I take a strong personal interest in the role of interns. That’s because my first job in business was a paid internship at a John Hancock Financial Network career agency. I’ve been a huge advocate ever since. That’s why it frustrates me when firms don’t always know how to use interns properly.
Here’s a sadly predictable story.
Does this scenario sound familiar? Imagine your firm runs a lot of events, and you really need an extra pair of hands. You decide to hire a bright, enthusiastic young intern who’s bursting with ideas for growing your firm. Then you sit her down in her cubicle and set her to work booking meeting venues, tracking RSVPs, and ordering cheese trays. Maybe your ops person needs some clerical help today. Why not? Everybody has to start somewhere. Soon, her ideas stop flowing, her smile fades, and suddenly, she’s gone. Cue the regrets.
What happened? It’s simple. You hired a person studying SEO, SEM, social media, and email marketing, and told her to start calling restaurants. Or filing documents, or pitching in with client service. There was a complete mismatch between her expectations and yours. And it’s all because you made one big hiring mistake: forgetting to follow your own excellent advice.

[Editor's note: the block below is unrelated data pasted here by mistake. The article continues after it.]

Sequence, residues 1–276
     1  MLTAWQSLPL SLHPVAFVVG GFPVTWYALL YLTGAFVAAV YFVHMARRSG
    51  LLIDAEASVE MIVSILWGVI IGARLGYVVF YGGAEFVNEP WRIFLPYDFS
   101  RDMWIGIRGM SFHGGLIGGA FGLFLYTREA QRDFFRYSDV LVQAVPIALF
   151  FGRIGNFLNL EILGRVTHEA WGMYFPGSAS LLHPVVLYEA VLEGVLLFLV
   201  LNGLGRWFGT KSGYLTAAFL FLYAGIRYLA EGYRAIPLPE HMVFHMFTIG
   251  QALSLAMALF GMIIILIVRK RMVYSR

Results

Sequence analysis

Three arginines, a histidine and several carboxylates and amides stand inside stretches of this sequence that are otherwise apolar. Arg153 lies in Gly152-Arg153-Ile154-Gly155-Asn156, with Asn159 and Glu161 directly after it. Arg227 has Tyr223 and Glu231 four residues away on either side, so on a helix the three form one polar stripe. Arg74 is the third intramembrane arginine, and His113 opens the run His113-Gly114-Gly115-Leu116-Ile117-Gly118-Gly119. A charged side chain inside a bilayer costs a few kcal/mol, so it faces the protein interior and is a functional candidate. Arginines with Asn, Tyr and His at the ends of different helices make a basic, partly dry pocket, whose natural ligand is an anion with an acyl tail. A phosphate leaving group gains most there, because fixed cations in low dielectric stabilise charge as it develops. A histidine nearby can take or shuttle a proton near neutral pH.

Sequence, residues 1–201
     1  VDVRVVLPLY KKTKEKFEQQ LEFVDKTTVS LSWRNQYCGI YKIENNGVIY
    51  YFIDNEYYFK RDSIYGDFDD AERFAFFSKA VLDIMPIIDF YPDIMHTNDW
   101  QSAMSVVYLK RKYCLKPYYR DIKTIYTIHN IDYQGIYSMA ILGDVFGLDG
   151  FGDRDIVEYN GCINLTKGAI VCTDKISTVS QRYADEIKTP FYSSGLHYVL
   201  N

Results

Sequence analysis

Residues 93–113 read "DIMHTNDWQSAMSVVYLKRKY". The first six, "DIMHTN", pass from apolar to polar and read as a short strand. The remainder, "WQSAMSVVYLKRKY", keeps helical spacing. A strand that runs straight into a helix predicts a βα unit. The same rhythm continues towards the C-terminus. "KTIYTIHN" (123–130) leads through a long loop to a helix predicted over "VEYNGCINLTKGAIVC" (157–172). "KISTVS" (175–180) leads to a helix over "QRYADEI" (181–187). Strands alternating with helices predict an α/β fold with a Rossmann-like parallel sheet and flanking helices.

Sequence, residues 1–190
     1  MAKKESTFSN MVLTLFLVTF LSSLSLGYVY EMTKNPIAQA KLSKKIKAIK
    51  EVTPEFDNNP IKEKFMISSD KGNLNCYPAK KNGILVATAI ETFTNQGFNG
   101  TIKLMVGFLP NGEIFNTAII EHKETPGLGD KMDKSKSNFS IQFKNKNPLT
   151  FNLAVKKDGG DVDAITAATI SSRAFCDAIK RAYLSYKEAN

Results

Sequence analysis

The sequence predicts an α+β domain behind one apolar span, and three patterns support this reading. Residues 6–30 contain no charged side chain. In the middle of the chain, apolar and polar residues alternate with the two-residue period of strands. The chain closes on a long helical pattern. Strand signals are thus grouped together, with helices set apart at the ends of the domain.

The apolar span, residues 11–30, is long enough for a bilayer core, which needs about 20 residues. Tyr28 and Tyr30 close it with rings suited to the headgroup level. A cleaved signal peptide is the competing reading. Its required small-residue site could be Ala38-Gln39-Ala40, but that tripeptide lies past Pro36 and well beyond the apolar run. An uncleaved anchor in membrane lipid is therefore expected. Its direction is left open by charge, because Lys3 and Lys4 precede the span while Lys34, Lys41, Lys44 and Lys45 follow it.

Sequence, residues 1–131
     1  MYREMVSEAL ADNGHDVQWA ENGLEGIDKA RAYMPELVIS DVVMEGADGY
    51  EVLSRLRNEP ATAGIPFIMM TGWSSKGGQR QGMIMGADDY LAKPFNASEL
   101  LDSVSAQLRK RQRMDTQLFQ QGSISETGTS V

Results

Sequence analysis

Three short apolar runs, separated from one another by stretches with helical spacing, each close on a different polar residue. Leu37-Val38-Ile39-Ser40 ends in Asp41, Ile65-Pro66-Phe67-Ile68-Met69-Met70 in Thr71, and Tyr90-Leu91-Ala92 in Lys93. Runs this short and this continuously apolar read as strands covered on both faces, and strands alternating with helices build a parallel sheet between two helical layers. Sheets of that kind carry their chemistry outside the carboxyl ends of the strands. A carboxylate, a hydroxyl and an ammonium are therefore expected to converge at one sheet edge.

Are you sure what you’re looking for?
What do you always say to a client before developing a financial plan or investment program? You say: Tell me your goals. You don’t put together a portfolio, and then ask what the money is intended for. The same is true of an internship. First, define your objectives. Do you really need an administrative support person? Then hire one. Are you in growth mode, and are you looking to ramp up your social media activity or email marketing? Then hire a marketing intern. That’s exactly what they have been studying, and their knowledge can be a real asset to you.
Write a better ending.
Once you’ve hired interns, don’t waste them on paperwork. They’ll quit. Let them flex their muscles. Give them the freedom to implement some of their ideas layered on top of your baseline marketing programs. Let them try to sell you a bigger strategy. You won’t take them up on every suggestion, but you do need to show you’re interested. At the same time, indoctrinate these young minds into your firm culture. Get them excited about the potential for growth, and show what their career path might look like. This is how you build a lasting relationship—one that doesn’t carry all the baggage that comes with a lateral hire.
If you’re a growth-minded advisor, two of your biggest problems are most likely finding talent and marketing more effectively. A marketing intern can help you solve both challenges at once—as long as you clearly define your goals before you hire one. It would be a big mistake not to.